Readers may recall our story earlier this month about Securus, a leading prison telephony provider, being hacked and how the hackers discovered that the company was recording thousands of privileged communications that lawyers had with inmates. The Intercept had received the tip-off, along with the calls, and reported on the subject. Securus defended itself by saying that these lawyers must not have registered their phone numbers with the “service.”
Now, in a most trollish move, the company has been granted a patent for contacting your relatives when you’re in jail and asking them if they want to pay for your calls or not. They call this “initiating a campaign to [...]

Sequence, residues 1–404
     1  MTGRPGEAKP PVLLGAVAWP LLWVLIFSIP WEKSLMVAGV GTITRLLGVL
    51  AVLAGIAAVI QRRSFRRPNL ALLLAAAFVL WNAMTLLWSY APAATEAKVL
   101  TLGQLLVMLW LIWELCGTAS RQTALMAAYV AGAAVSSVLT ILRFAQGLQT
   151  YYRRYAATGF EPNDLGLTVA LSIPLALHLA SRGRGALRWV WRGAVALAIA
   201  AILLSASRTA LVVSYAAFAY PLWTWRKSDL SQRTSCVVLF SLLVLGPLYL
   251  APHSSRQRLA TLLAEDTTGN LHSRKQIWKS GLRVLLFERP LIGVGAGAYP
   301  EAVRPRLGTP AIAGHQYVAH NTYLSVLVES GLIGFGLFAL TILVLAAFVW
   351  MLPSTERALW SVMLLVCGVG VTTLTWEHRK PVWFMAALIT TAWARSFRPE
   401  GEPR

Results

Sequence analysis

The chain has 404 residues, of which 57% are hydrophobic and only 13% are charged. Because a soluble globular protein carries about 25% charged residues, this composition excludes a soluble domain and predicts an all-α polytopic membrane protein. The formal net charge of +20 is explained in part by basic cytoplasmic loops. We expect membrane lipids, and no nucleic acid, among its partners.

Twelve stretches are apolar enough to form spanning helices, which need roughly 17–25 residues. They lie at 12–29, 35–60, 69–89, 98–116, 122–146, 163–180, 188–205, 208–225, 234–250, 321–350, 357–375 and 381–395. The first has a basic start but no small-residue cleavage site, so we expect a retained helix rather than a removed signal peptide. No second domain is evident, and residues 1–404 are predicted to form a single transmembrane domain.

The ways that companies like Apple try to extract more cash from their customer base are many. The notion of planned obsolescence is defined by the Oxford dictionary like so:
A policy of producing consumer goods that rapidly become obsolete and so require replacing, achieved by frequent changes in design, termination of the supply of spare parts, and the use of nondurable materials.
The dictionary definition obviously doesn’t cover it all, but suffice it to say that releasing a new model every year with improvements only sufficient to make older models not capable of running updates is one good example. But getting customers to buy new hardware is not the only way [...]